Happy Pie Day!!
Nicolas decided he wanted a zucchini pie to celebrate, so I took out previously frozen pie filling. It looks like this:
Note that if you are preparing pie filling for freezing, it’s a good rule of thumb to prepare a little more than the recipe calls for. For example, the zucchini pie recipe calls for 5-6 cups of sliced zucchini, and I use a generous 6 cups for the frozen filling. This is because, when you freeze some fruits and vegetables, they will break down or shrink somewhat. Thus you will need more to fill out your pie.
Next up is preparing the pie crust. Sure, there are some decent prepared pie crusts on the market, but I take pride in preparing my own. Besides, I feel like if I’m going to take the time to grow the produce that goes into the pie, it’d be a shame not to have a ‘completely from scratch’ creation. The recipe I like to use is a ‘stands the test of time’ Betty Crocker recipe. I found it online here. This recipe is for a single crust, and you will need to double everything for both crusts.
I would like to offer up some tips I’ve discovered over the years as I have greatly improved my crust-making.
1. Roll out the crust on a floured sheet of waxed or parchment paper. Then you can pick up the paper and flip the crust over into the pie plate with less chance of tearing. I have found that ‘folding the crust into quarters’, as the Betty Crocker recipe suggests, doesn’t work for me at all.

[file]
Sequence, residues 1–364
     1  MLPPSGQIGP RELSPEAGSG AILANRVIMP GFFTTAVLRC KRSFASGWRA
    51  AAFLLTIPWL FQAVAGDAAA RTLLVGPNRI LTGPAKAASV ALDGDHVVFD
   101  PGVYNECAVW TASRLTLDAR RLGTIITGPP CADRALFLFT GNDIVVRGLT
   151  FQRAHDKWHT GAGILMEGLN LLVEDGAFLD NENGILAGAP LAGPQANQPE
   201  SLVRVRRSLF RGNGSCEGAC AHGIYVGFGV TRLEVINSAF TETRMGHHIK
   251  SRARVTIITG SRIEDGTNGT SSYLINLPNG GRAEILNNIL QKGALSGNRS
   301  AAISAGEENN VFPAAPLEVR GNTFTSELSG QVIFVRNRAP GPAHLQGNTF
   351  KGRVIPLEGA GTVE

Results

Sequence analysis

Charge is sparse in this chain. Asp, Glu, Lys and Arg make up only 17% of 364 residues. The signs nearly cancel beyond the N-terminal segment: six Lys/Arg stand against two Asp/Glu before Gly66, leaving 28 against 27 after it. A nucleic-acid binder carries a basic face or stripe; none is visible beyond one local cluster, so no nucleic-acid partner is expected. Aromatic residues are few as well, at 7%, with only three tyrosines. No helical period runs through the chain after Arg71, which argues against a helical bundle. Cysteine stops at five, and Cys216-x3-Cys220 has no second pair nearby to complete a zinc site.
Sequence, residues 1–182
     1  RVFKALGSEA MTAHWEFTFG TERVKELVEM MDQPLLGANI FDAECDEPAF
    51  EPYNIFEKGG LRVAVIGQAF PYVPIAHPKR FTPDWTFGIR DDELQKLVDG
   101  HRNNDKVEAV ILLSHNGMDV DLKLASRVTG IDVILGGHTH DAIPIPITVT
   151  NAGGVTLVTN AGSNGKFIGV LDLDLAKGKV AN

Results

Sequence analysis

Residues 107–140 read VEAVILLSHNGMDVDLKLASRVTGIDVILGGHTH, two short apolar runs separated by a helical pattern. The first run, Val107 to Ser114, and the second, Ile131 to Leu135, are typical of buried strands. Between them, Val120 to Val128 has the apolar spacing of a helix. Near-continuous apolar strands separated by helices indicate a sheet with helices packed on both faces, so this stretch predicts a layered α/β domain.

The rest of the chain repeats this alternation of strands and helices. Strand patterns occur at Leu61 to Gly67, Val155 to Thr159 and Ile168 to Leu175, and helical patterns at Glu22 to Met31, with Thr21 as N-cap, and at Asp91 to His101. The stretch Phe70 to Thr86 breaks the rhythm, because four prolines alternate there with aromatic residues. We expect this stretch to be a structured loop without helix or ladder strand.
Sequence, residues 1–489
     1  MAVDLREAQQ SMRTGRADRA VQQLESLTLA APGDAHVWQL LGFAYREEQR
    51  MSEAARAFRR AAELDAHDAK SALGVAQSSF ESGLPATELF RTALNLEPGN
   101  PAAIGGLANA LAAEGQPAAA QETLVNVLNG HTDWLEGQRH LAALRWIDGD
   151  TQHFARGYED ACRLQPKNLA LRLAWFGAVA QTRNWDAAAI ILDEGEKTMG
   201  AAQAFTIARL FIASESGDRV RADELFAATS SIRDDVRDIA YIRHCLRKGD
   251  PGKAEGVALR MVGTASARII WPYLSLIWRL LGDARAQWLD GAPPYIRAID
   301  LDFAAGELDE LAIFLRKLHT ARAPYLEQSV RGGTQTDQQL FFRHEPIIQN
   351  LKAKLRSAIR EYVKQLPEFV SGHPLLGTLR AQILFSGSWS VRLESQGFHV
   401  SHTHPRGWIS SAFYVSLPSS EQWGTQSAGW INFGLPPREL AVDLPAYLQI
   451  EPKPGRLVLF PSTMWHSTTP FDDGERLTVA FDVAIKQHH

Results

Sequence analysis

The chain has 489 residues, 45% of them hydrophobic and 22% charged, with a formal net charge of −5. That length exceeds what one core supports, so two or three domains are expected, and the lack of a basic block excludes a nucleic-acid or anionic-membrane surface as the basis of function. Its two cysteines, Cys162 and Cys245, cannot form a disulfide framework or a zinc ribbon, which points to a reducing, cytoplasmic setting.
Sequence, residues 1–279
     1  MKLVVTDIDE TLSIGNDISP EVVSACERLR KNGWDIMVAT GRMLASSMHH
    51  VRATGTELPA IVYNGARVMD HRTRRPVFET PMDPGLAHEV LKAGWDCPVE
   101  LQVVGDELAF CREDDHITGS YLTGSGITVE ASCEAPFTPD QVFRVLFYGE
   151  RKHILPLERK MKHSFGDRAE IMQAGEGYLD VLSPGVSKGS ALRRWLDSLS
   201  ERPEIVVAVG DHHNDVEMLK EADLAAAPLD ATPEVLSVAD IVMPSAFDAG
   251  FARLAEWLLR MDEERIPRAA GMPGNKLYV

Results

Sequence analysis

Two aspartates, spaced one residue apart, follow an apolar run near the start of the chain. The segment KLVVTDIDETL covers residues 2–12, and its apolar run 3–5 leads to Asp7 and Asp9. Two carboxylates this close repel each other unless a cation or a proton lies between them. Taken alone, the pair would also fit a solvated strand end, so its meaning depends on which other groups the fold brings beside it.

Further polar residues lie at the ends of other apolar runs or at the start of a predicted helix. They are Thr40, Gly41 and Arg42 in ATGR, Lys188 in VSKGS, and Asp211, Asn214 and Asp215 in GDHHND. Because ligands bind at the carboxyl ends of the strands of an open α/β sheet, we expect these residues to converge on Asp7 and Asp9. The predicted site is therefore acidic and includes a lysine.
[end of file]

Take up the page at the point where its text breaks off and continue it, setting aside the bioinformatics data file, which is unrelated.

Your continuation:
2. When dividing the dough into two for top crust and bottom crust, make one ball slightly larger than the other. This is because the bottom crust needs to be slightly larger than the top crust, and then you won’t need to roll the bottom crust quite so thin. Once the pie is filled, distribute the filling to make an even surface. This will minimize ‘sharp’ spots that may tear the top crust when you lay it down.
3. After you’ve trimmed the excess crust and crimped the pie down, you may wonder what to do with the leftover dough. I learned this from my Mom – make cinnamon rolls. Roll out the leftover crust, spread some softened butter or margarine (any ‘buttery spread’ will do), sprinkle generous amounts of sugar and cinnamon on top, roll up, and cut into 1 inch rolls. Bake on a tray or sheet of aluminum foil in the oven with the pie. Yummy!
4. One last note about baking the pie. It’s a good idea to cover the edges of the pie with a metal ring that’s made to fit over standard pie plates. This will prevent the edge of the crust from browning too much. Some recipes say to remove the ring during the last 10-15 minutes of baking, but I’ve found that if I do that the edge still gets too dark. I leave the ring on throughout baking. If you don’t have a fancy ring, applying strips of aluminum foil around the edges works just as well.